A clinical risk score can predict invasive mold disease in patients with hematologic malignancy. The authors sought to develop a model that could determine individualized risk of invasive mold infections in patients with leukemia and lymphoma. They built their model using prospectively collected data from a large hematology center in Italy, which comprised 2187 patients treated over a 9-year period. The primary outcome was development of proven or probable invasive mold disease within 60 days of admission. Data collected included the nature of the underlying cancer and its treatment, the patient’s comorbidities, previous infections and their complications, and 19 candidate risk factors determined a prior based on a literature review. A multivariate analysis included all variables with a univariate p<0.1 and applied backward stepwise selection until all remaining variables had p<0.05. The final model was validated using n=100 bootstrap resampling of the training data set.
The authors analyzed a total 4127 admissions to construct the risk model. In the total cohort, the prevalence of invasive mold disease was 3.3% with a median onset of 22 days from admission. Invasive mold infections occurred more frequently in patients with AML, ALL, or CLL and during admissions for salvage chemotherapy or allogeneic HSCT; infections were less often seen in lymphoma and multiple myeloma, consolidation chemotherapy, and autologous HSCT. Of the 19 prespecified risk factors, 12 were associated with invasive mold disease with p<0.01; when entered into a multivariable model, the retained variables included a prior episode of invasive fungal infection (AOR 5.17; p<0.0001). receipt of high-dose steroids (AOR 2.21; p=0.001), uncontrolled malignancy (AOR 1.96; p=0.001), high-risk chemotherapy (AOR 2.2; p=0.002), PMNs <100 cells/mm^3 (AOR 4.56; P<0.001), and total lymphocytes <50 cells/ul (AOR 3.12; p<0.001).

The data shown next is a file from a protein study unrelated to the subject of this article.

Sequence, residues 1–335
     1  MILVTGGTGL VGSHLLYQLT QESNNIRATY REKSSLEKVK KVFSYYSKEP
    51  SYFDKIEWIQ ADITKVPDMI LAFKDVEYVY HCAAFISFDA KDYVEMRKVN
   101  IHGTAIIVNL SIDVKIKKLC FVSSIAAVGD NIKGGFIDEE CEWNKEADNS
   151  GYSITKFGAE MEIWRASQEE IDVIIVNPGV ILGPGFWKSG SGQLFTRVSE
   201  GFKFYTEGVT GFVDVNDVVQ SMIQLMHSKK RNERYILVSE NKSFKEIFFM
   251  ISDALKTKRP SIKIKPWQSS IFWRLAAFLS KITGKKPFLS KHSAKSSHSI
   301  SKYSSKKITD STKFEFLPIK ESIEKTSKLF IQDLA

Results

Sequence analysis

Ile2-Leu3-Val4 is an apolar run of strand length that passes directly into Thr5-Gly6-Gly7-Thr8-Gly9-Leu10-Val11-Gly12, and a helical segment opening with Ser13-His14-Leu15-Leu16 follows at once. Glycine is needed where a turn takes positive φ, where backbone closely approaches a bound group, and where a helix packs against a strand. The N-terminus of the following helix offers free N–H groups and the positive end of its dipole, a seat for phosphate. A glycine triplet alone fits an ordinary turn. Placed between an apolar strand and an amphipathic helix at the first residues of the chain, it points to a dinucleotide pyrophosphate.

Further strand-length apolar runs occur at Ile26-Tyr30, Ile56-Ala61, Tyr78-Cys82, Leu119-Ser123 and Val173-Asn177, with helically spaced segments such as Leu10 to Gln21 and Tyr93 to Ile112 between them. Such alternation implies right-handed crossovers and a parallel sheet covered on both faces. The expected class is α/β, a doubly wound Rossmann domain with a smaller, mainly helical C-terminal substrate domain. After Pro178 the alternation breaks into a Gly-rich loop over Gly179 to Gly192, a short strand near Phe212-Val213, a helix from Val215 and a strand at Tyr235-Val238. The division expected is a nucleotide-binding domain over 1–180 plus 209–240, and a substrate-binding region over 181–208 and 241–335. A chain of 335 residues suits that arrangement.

These data were used to provide a nice normogram of the resulting clinical risk score, which assigns probabilities of invasive mold disease from 1% to 80% across a 45-point scale. While I don’t see this scoring system entering active clinical use (these scoring systems all take too much time to calculate), this is still a paper worth reading because it points out several factors associated with invasive mold disease, including several that are readily apparent from the patient’s admission note and complete blood count and can help inform your gestalt impression of a patient’s risk for invasive mold infection. 30974130
Add tularemia to the list of diseases that can be transmitted by solid organ transplantation. In July 2017, three recipients from a single donor (1 liver and 2 kidneys) developed fever and sepsis; one died. The donor, who lived in the southwestern US, had been hospitalized with acute alcohol withdrawal, pneumonia, and multiorgan failure. Ultimately, Francisella tularensis was identified from the recipients’ blood cultures and later recovered from rabbit carcasses near the donor’s home.
I have two thoughts about this case report (OK, three thoughts, the least worthy of which is: why the heck did this case report need 28 named authors and 61 collaborators?). First, we really ought to be cautious about organs from donors who died of medically attended illnesses with an unclear and potentially infectious etiology rather than, say, trauma or other noninfectious illness. Second, this is the sort of case that, while I’ll probably never encounter it in practice, is 100% going to show up on the ID boards in a couple of years. 30730826
Might macrolides help defang cryptococcus? This is an in vitro and mouse study, but I mention it because the topic – repurposing already-licensed antimicrobials – is readily clinically applicable. One of cryptococcus’s most important virulence factors is its thick polysaccharide capsule, which helps the organism resist innate immunity (i.e. opsonization by complement). The authors of this study hypothesized that macrolides, which have numerous non-antibiotic modulatory effects, might inhibit cryptococcal capsular formation and improve host immune responses. The authors grew C. gatti and C. neoformans in the presence of clarithromycin and azithromycin and found that both agents reduced the thicknesss of the cryptococcal capsule and the amount of capsular polysaccharides. Both C. gatti and C. neoformans showed increased susceptibility to H2O2 and opsonophagocytic killing by murine neutrophils; C. gatti also proved more readily phagocytized by murine macrophages. So, perhaps macrolides might have some role as virulence-attenuating agents in severe cryptococcal infections. 30936099